I am a first-year PhD student in the Centre for Biological Diversity at the University of St Andrews under supervision of Kevin Laland and Laura Fortunato. Broadly, I would describe myself as an evolutionary behavioural scientist with a background in largely social scientific disciplines, holding an MA (Hons) in Psychology & Economics from the University of Edinburgh (2017) and an MSc (with distinction) in Cognitive & Evolutionary Anthropology from the University of Oxford (2021). Nevertheless, I seem to have snuck my way into a Biology department (please nobody tell them), where I am primarily surrounded by marine biologists and have to pretend I can tell seals from sea lions.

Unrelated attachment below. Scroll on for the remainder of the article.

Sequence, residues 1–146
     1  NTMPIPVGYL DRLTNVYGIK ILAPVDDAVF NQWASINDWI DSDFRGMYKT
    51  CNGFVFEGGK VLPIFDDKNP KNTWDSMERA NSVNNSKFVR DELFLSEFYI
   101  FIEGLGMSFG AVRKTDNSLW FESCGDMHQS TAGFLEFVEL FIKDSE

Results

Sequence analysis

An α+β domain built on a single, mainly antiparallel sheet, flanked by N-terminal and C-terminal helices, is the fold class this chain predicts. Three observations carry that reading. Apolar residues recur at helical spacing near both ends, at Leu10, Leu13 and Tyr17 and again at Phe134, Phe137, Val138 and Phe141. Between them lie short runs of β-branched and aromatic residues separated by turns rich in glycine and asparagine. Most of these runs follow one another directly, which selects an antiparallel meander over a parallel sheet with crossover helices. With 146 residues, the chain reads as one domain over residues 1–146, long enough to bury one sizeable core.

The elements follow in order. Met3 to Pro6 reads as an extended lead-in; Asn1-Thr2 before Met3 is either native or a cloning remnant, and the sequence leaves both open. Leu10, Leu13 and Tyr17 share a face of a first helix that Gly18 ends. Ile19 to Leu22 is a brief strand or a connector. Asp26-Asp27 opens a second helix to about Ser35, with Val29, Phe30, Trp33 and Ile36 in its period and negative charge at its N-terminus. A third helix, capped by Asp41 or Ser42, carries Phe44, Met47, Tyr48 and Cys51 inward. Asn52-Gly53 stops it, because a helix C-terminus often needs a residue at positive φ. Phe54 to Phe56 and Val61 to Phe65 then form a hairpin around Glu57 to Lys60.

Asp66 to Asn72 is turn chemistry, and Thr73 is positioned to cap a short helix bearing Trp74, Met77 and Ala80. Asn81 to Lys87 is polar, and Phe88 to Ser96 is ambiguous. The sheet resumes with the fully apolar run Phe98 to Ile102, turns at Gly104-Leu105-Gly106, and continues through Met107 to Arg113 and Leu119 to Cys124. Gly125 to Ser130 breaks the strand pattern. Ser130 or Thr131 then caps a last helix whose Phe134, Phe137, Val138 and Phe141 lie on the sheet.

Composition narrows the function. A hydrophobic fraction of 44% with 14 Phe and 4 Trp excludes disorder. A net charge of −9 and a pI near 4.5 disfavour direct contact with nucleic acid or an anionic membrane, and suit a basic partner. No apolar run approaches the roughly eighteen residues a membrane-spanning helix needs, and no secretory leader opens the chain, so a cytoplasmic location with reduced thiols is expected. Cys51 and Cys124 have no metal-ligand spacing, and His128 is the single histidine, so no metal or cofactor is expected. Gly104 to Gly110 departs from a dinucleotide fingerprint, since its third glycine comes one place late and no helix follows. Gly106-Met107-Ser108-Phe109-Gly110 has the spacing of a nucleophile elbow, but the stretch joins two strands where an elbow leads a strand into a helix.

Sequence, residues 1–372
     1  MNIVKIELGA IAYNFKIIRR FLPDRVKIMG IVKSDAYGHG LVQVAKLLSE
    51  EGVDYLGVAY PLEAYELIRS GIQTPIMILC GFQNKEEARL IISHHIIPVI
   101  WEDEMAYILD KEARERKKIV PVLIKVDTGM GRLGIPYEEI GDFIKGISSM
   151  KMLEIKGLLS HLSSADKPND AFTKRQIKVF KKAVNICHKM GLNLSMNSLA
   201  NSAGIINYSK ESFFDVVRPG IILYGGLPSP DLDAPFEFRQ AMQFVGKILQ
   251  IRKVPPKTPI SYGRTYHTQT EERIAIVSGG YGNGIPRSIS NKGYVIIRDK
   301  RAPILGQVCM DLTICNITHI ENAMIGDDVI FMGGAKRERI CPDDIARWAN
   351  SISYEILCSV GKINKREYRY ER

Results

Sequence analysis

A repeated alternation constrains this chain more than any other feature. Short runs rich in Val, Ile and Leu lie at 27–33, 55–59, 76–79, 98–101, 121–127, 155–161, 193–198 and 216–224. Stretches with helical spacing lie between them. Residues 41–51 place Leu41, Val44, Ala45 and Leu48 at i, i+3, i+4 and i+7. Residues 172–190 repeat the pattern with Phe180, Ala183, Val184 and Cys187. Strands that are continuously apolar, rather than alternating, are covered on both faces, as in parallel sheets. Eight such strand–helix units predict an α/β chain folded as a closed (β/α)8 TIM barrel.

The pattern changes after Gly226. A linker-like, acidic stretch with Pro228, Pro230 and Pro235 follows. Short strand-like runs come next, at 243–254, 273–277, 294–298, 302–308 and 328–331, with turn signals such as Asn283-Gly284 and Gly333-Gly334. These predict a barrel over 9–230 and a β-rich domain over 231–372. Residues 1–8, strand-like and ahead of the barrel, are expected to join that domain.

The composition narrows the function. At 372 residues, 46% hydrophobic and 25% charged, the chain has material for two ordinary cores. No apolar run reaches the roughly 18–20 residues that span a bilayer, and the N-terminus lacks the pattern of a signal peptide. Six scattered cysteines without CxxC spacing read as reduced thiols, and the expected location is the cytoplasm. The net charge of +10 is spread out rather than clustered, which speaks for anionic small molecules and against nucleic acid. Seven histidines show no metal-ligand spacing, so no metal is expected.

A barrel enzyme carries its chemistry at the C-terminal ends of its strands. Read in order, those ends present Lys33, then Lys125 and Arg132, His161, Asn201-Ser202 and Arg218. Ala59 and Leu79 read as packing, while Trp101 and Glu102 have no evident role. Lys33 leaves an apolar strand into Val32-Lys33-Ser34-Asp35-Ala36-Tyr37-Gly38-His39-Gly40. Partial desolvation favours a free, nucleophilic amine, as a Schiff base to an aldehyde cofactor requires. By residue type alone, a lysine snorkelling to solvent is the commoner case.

My PhD research is focused on quantifying and evidencing the role that gene-culture co-evolutionary processes have played in recent human evolution, in a Templeton-funded project led by Prof Marcus Feldman at Stanford University. In line with this project, my research interests are mostly focused on delineating, and ultimately perhaps illuminating, the causally interdependent roles of “nature and nurture”, or more accurately biology, ecology and culture, in human behavioural diversity. I am also interested in open and reproducible research, both from a pragmatic and an ethical point of view.